Daily Briefing: Russia, Real Estate, China
Your Real Vision Daily Briefing for April 17, 2020
Ash Bennington & Ed Harrison cover the U.S. banking sector, commercial real estate, Russian central bank policy action, and more.
- Russian central bank policy action is showing that the buoyancy the Fed has created isn’t just about US markets; it is having impact around the world.
- With the retail sector in crisis, pressure on commercial real estate will feed through to banks, which could expose land mines on bank balance sheets we can’t yet see.
- How China will handle EM debtors in this crisis raises big questions about the global economy, the China-US relationship, and globalization.
GET REAL VISION'S FREE DAILY BRIEFING DELIVERED DIRECTLY TO YOUR INBOX EVERY DAY AFTER MARKETS CLOSE
Get the latest information as we analyze the first phase of our new global economy and discuss what we think is to come.
Ash Bennington and Ed Harrison discussed Russian central bank policy action, risks to the commercial real estate market, and the changing role of China in the global political and financial system on today’s Real Vision Daily Briefing.
The Bank of Russia announced it will cut interest rates and people are getting into government bonds, which is causing yields to fall. Harrison said that investors normally say ‘you’re cutting you need dollars, or you are an emerging market so you need to increase your rate to attract our money,’ but it is the opposite now. He thinks this is an example of the buoyancy the Fed created in the US trickling down into other markets around the world.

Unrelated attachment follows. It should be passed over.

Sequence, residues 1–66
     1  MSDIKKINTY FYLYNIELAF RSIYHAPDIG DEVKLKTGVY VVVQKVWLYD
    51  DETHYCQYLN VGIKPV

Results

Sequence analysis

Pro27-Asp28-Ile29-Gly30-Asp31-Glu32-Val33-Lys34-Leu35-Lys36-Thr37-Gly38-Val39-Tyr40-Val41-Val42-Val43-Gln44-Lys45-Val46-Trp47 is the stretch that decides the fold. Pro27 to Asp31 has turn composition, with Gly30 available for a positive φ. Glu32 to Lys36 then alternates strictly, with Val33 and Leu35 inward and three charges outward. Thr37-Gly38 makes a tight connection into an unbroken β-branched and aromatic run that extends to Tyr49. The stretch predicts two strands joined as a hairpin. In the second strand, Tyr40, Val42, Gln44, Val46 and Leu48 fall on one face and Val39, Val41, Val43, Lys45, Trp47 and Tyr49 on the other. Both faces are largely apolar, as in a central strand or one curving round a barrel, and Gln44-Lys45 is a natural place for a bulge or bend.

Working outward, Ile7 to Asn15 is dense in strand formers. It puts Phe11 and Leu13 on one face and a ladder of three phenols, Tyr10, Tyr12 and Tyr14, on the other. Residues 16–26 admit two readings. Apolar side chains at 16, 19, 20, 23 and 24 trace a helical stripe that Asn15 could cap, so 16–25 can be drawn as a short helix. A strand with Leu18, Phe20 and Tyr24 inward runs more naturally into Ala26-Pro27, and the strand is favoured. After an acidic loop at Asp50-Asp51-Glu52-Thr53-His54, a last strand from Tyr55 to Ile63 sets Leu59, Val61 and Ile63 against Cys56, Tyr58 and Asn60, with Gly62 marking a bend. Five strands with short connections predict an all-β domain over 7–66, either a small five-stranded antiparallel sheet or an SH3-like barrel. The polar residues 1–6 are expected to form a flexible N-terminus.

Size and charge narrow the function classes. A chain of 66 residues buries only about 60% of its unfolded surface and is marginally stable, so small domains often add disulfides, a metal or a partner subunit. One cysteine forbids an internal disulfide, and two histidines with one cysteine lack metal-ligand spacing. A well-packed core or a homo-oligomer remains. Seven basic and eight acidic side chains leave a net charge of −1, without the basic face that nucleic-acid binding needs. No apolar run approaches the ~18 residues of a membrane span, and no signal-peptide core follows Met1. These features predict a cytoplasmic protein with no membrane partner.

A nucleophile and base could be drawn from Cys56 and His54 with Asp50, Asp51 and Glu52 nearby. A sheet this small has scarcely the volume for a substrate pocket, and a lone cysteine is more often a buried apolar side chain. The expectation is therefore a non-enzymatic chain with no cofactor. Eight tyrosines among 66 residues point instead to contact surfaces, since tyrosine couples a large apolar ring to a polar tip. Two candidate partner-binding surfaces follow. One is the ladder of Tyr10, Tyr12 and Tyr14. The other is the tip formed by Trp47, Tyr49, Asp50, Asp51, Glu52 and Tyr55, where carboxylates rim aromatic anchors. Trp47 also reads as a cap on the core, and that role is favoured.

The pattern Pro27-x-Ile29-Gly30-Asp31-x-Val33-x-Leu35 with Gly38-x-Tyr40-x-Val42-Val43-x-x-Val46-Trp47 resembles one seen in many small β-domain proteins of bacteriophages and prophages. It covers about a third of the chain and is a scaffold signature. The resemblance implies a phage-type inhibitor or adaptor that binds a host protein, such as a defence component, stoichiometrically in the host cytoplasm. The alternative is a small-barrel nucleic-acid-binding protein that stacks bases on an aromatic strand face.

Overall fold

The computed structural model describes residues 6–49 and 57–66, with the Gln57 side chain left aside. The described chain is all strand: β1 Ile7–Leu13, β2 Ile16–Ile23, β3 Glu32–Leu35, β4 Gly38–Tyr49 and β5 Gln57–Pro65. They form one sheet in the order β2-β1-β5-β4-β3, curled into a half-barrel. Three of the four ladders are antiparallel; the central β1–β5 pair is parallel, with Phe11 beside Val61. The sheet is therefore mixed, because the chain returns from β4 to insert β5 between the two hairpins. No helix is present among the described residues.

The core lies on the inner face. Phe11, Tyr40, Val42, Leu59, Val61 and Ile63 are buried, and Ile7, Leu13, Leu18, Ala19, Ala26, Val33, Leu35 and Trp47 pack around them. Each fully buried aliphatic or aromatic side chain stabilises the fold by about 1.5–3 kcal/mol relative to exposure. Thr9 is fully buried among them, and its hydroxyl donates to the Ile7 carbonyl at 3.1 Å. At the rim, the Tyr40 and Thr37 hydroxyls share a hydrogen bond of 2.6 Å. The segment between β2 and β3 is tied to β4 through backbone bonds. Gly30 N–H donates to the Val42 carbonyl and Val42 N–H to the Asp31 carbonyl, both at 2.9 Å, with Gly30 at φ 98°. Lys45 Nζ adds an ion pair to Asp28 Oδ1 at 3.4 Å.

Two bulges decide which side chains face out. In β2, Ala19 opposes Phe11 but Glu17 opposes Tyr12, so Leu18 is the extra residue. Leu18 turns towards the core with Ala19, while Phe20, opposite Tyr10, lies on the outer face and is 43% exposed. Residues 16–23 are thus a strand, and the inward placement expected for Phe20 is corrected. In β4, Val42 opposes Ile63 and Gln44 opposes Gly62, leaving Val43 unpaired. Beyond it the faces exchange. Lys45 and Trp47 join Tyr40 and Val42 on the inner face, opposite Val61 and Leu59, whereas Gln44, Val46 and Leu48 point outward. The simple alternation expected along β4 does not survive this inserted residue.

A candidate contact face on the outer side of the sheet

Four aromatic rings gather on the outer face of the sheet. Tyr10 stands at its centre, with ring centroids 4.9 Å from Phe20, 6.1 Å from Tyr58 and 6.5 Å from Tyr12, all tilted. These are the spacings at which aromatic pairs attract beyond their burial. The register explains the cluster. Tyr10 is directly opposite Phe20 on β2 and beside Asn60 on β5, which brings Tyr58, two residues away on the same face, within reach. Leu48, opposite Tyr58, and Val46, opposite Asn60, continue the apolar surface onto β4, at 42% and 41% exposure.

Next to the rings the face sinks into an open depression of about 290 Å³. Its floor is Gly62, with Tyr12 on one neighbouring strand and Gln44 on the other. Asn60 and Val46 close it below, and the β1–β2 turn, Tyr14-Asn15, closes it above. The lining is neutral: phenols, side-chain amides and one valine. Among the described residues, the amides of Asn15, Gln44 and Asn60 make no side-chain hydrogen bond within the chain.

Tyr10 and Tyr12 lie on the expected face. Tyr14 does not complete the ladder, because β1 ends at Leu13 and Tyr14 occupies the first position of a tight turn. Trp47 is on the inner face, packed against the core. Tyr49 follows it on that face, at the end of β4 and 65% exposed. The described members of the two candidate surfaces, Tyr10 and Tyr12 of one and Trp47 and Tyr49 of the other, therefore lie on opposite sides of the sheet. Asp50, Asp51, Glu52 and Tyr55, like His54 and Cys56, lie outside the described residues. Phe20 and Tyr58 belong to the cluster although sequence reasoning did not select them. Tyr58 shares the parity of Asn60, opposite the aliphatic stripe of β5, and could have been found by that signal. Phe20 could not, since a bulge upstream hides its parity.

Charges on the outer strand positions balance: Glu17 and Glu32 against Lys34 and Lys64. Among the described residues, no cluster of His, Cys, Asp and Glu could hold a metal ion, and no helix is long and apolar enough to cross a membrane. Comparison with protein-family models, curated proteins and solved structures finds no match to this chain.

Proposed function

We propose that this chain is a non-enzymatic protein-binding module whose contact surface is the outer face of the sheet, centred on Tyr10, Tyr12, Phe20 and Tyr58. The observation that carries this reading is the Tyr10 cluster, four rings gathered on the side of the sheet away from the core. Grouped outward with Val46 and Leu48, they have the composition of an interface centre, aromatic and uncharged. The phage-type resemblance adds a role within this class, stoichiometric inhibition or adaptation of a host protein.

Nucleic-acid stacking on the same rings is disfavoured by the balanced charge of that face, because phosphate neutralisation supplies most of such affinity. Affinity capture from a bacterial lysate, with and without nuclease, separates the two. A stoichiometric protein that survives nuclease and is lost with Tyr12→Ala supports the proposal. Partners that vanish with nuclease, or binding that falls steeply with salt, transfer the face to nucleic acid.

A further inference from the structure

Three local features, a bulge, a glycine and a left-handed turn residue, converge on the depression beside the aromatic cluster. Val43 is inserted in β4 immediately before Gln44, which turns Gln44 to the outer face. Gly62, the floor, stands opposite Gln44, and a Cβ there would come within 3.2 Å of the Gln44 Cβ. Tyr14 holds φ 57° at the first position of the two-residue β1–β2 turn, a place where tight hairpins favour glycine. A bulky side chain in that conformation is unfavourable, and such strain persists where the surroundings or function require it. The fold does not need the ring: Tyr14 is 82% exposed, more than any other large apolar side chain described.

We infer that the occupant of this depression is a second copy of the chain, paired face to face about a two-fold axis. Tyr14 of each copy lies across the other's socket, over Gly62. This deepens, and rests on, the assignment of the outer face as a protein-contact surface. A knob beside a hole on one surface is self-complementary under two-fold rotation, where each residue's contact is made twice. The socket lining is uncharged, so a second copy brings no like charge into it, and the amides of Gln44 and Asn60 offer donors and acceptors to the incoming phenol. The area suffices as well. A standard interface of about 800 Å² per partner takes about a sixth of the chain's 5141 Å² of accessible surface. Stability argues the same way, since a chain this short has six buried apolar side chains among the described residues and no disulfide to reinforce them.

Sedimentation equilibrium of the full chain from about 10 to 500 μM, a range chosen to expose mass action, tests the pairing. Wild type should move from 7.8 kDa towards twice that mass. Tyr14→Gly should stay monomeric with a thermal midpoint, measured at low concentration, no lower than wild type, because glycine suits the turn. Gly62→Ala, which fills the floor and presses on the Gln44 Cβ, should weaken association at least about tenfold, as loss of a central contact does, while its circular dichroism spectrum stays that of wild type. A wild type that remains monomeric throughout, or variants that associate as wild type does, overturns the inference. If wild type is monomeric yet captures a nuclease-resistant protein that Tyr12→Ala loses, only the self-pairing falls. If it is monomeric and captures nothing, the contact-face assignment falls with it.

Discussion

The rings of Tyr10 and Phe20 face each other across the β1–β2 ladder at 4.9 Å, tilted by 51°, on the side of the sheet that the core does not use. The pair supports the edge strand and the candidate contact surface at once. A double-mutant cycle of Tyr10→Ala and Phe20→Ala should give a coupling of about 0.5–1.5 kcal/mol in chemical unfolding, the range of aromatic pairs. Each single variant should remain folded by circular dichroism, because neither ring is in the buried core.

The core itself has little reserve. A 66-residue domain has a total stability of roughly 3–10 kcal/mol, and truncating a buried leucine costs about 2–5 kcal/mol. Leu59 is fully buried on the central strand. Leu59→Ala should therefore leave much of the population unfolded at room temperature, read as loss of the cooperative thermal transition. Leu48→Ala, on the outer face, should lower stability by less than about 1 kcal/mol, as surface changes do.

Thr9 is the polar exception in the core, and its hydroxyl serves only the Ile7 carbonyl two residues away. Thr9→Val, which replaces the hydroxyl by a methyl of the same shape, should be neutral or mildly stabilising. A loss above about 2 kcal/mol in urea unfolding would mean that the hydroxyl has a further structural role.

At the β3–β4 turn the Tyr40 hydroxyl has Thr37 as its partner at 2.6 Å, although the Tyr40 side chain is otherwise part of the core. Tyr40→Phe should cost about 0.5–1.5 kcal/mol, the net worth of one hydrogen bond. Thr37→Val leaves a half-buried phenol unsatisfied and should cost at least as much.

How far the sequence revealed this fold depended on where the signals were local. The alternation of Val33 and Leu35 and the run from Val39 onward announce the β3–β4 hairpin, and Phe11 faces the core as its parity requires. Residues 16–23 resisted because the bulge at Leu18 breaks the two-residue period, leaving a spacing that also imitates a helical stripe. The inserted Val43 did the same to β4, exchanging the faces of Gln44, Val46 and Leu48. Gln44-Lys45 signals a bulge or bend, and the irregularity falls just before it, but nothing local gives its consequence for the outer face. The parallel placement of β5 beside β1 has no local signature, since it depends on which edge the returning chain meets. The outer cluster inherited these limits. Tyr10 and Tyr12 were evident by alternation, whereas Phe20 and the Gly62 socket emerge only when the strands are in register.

Bennington and Harrison also talked about commercial real estate being a problem going forward. With store closures, companies like Macy’s furloughing the majority of its workforce, and the explosion in online shopping, things are changing structurally in commercial real estate space. They wondered how pressure on commercial real estate will feed through to banks, and Harrison said he thinks a rapid snapback is unlikely because there is so much going on under the surface and there are landmines on bank balance sheets we can’t yet see.
Finally, talk turned to China as Bennington and Harrison wondered how the country will handle emerging market debtors in this crisis. With the US and China are moving apart from one another, they called the situation “hairy political football.” Harrison said he thinks there will be a land grab of sorts and the potential for a breakdown of globalization.
“It’s hard to come up with anything positive to say about this issue,” he said. “Confrontation is the word.”